HOS:

Hours Of Service

HOS refers to the logbook hours of service regulations.
Matt S.'s Comment
member avatar

Hi RocketMan! Bringing home $500.00 a week in what is supposed to be a highly skilled, white collar field is very demoralizing. I got sick of the rat-race, the low pay, the periods of time being on call for no additional compensation, etc. I also got sick of having to deal with inferior technology forced upon me with no input whatsoever from me. Ultimately, I think you are right when it comes to IT - it is a race to the bottom. It will never be seen as an asset by the business types, always a liability. In short I wasn't being treated as a professional. That much said, getting started in trucking has not been easy at all and you could say that I am still trying - it takes a completely different way of thinking and mindset. I've always tended to over-analyze problems. I might also add that initially, you may earn less than 500.00 per week in trucking as you learn the ropes. Anyhow, here is my story:

Literally, one day I simply gave my notice to my IT employer and I got escorted out. That was in November of 2014. About a week later, I found myself at The Swift Academy in Richmond, VA. I did very well academically but failed the first test which was straight line backing and I was sent home. I really needed additional time and training because I had never even sat in a big rig, let alone driven anything larger than a Jeep Grand Cherokee. Undeterred, in December of 2014, I plunked down some savings on private schooling at Smith & Solomon in Norristown, PA. The more hands-on approach was really what I needed. After graduation in February of 2015, I had a series of health problems that prevented me from really getting started in the industry. Finally, my health began to improve enough in November of 2015 to begin driving again so I spent the past 6 months driving a class B vehicle, a bus. I've done well at it and I had been looking longingly at the big rigs. Well, 2 weeks ago I called up Western Express and I leave for orientation on Tuesday. The recruiter was really friendly and understanding when I laid it all out to her. She said, "I want to make a home for you at Western." I'll be happily going in as a student and looking forward to the words of wisdom from my mentor.

I recommend trying company-sponsored schooling first. Swift's program at Richmond really is top notch if you are the type of learner that tends to get things fairly quickly. If you're like me and need more time and training, then you can look into private schooling. I wish you the best, man!

G-Town's Comment
member avatar

Five years ago I was more or less, you. 30 year veteran in an industry that has become a commoditized, throw-away, and price over quality culture. After being repeatedly outsourced, downsized, right sized and reorganized I had enough. Trucking is a diverse industry that elevates a person above the political nonsense that kept me awake every night. I sleep really well now.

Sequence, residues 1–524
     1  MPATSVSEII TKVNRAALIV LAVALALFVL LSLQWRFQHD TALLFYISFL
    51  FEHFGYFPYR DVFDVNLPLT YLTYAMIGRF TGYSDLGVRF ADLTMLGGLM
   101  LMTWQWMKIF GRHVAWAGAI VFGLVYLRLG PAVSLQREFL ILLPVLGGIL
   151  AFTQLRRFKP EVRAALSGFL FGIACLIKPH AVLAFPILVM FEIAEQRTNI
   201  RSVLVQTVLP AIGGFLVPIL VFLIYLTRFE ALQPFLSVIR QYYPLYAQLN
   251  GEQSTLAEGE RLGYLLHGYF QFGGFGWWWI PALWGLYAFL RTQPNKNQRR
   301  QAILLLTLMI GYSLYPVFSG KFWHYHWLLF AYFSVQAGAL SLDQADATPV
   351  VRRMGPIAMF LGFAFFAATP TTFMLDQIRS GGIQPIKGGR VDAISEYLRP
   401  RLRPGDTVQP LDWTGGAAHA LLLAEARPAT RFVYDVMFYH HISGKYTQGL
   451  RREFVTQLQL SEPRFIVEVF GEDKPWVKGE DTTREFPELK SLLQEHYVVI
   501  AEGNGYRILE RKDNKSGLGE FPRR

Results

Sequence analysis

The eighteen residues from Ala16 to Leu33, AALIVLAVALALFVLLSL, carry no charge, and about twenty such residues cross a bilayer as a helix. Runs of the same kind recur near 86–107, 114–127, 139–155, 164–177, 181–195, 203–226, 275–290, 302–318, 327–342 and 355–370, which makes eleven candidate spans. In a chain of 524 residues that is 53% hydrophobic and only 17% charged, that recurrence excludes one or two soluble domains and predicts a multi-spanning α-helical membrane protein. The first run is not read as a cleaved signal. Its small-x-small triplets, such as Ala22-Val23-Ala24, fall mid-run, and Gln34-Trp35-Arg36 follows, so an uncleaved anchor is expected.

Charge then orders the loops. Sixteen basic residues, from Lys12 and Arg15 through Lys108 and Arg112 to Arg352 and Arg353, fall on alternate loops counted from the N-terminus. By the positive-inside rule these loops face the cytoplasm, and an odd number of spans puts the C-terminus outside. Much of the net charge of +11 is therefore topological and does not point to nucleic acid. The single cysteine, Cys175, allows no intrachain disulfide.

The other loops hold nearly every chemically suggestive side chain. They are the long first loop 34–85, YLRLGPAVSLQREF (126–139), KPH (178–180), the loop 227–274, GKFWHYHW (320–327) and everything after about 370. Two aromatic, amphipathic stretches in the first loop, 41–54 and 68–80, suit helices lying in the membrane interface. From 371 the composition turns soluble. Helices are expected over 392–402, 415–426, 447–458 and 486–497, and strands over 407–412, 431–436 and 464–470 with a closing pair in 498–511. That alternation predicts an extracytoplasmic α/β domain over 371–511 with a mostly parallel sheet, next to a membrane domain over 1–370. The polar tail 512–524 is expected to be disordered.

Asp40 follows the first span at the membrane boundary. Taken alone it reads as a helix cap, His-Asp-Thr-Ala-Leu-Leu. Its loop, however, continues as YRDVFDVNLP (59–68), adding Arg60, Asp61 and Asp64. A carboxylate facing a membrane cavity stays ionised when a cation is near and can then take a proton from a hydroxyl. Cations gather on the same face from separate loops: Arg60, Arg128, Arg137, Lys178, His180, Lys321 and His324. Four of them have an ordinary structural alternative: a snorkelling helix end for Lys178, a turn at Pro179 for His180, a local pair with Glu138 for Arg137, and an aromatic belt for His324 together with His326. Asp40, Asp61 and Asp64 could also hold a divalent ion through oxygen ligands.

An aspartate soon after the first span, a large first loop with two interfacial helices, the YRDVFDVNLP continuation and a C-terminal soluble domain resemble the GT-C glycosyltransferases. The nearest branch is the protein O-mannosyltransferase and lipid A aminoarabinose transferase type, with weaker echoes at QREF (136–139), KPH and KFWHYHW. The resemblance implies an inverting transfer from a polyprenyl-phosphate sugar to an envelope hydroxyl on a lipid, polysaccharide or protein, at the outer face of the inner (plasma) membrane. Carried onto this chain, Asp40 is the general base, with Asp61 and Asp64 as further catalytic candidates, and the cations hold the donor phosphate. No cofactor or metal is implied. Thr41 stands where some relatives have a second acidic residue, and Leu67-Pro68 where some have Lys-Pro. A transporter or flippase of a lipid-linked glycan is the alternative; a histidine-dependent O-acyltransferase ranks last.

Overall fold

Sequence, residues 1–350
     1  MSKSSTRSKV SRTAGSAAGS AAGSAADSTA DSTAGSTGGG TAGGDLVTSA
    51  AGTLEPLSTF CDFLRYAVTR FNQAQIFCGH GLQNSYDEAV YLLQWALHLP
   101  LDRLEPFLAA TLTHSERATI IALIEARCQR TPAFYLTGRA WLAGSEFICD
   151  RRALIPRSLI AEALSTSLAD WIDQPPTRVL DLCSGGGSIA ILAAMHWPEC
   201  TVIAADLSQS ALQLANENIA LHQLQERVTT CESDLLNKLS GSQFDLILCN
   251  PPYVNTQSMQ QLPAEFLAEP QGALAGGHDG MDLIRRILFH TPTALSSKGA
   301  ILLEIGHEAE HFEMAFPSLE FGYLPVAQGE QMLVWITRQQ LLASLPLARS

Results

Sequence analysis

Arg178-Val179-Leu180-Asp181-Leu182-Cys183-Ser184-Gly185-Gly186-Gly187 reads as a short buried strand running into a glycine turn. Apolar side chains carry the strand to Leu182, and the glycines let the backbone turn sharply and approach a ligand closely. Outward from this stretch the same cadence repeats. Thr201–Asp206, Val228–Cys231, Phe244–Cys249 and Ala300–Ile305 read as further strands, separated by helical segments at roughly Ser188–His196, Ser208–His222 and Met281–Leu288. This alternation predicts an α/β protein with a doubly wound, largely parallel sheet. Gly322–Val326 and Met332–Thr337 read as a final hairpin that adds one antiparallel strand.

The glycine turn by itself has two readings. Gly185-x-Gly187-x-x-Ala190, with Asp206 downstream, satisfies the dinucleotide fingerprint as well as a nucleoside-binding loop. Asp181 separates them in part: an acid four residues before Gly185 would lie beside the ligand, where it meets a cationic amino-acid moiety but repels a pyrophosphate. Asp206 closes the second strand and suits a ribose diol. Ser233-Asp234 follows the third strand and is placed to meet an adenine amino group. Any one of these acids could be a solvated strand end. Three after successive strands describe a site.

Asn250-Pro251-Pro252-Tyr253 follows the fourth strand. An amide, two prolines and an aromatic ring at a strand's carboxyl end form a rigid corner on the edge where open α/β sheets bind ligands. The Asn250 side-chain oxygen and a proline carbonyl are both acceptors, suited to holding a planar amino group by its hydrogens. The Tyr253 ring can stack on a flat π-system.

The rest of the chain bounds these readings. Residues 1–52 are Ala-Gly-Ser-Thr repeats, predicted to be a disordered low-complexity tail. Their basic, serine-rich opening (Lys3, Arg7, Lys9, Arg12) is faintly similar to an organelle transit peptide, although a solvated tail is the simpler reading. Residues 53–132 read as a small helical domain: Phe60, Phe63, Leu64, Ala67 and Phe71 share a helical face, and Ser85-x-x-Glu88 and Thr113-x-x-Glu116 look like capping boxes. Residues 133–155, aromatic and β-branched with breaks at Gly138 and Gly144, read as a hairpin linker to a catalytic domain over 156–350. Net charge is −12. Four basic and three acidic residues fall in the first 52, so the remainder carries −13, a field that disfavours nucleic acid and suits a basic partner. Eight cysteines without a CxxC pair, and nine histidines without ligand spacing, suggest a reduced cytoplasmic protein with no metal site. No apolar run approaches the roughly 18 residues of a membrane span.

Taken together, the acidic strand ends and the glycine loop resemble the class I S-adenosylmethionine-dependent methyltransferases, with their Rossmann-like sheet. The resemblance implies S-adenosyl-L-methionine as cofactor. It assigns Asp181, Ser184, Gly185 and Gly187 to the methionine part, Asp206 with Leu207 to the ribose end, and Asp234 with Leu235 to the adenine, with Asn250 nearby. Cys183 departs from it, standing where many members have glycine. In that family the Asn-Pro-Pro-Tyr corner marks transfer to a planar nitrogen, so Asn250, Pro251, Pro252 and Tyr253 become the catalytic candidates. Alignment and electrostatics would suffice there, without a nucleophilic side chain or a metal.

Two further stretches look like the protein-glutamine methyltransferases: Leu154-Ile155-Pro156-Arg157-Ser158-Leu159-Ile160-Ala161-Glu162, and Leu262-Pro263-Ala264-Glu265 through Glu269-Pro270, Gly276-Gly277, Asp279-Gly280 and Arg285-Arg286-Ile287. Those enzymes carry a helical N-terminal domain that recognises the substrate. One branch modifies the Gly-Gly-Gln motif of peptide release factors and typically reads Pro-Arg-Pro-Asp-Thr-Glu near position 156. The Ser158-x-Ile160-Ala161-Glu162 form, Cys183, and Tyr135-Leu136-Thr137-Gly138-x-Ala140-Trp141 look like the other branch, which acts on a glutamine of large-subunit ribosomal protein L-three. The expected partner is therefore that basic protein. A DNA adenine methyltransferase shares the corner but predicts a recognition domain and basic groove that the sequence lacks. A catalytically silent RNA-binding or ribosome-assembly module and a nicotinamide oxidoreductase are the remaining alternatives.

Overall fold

Perhaps a really good place to start is the following links:

Although I agree, Swift is a great option, I'd be remiss if I didn't suggest to look at all of the available options. As follows:

Paid CDL Training Programs

Trucking Company Reviews

Lots of reading, but a good start. Good luck, don't over analyze this and let us know what else you need.

CDL:

Commercial Driver's License (CDL)

A CDL is required to drive any of the following vehicles:

  • Any combination of vehicles with a gross combined weight rating (GCWR) of 26,001 or more pounds, providing the gross vehicle weight rating (GVWR) of the vehicle being towed is in excess of 10,000 pounds.
  • Any single vehicle with a GVWR of 26,001 or more pounds, or any such vehicle towing another not in excess of 10,000 pounds.
  • Any vehicle, regardless of size, designed to transport 16 or more persons, including the driver.
  • Any vehicle required by federal regulations to be placarded while transporting hazardous materials.

OWI:

Operating While Intoxicated

G-Town's Comment
member avatar

Kenneth wrote:

You will find SO MANY retards out on the highways that it makes you wonder how they even get by in life.

Kenneth you strike me as an intelligent person with a solid vocabulary. I agree there are numerous bad drivers on the road, and many a**holes with zero common sense. But none of them are mentally retarded.

Please refrain from using the slang and derogatory word "retard" in this forum. Not cool. Although I believe there was no offense intended, consider and respect those of us who have family members struggling with diminished mental capacity every day of their lives. Driving is something they will never experience.

Thank you.

HOS:

Hours Of Service

HOS refers to the logbook hours of service regulations.
RocketMan's Comment
member avatar

Perhaps a really good place to start is the following links: ... Lots of reading, but a good start. Good luck, don't over analyze this and let us know what else you need.

I already bought and read Brett's Book: The Raw Truth About Trucking (the pay version from Amazon) cover to cover. I don't have a good handle on what is different even now compared to 7 years ago when it was published.